The values below are relative permeability \(\mu_r \triangleq \mu/\mu_0\) for a few materials that are commonly encountered in electrical engineering applications, and for which \(\mu_r\) is significantly different from \(1\). These materials are predominantly ferromagnetic metals and (in the case of ferrites) materials containing significant ferromagnetic metal content. Nearly all other materials exhibit \(\mu_r\) that is not significantly different from that of free space.
The values presented here are gathered from a variety of references, including those indicated in “Additional References” at the end of this section. Be aware that permeability may vary significantly with frequency; values given here are applicable to the frequency ranges for applications in which these materials are typically used. Also be aware that materials exhibiting high permeability are also typically non-linear; that is, permeability depends on the magnitude of the magnetic field. Again, values reported here are those applicable to applications in which these materials are typically used.
Free Space (vacuum): \(\mu_r\triangleq 1\).
Iron (also referred to by the chemical notation “Fe”) appears as a principal ingredient in many materials and alloys employed in electrical structures and devices. Iron exhibits \(\mu_r\) that is very high, but which decreases with decreasing purity. 99.95% pure iron exhibits \(\mu_r\sim 200,000\). This decreases to \(\sim 5000\) at 99.8% purity and is typically below 100 for purity less than 99%.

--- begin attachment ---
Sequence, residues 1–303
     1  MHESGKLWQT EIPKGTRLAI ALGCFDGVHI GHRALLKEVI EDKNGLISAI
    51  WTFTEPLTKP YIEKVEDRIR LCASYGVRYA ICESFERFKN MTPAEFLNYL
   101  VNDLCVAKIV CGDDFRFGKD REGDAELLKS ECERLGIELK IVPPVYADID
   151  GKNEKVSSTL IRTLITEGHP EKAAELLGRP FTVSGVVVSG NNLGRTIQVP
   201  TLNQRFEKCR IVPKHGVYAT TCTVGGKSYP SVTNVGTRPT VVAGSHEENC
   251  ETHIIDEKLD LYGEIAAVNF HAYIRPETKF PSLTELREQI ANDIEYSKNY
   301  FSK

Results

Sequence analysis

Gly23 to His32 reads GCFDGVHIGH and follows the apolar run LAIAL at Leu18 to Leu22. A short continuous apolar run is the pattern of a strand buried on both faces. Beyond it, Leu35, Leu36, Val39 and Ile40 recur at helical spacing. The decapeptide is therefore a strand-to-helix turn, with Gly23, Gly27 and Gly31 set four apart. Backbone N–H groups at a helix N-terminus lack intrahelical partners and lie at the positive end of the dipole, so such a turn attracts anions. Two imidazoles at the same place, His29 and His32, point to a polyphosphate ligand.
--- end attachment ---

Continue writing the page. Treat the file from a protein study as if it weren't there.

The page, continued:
Steel is an iron alloy that comes in many forms, with a correspondingly broad range of permeabilites. Electrical steel, commonly used in electrical machinery and transformers when high permeability is desired, exhibits \(\mu_r\sim 4000\). Stainless steel, encompassing a broad range of alloys used in mechanical applications, exhibits \(\mu_r\) in the range 750–1800. Carbon steel, including a broad class of alloys commonly used in structural applications, exhibits \(\mu_r\) on the order of 100.
Ferrites include a broad range of ceramic materials that are combined with iron and various combinations of other metals and are used as magnets and magnetic devices in various electrical systems. Common ferrites exhibit \(\mu_r\) in the range 16–640.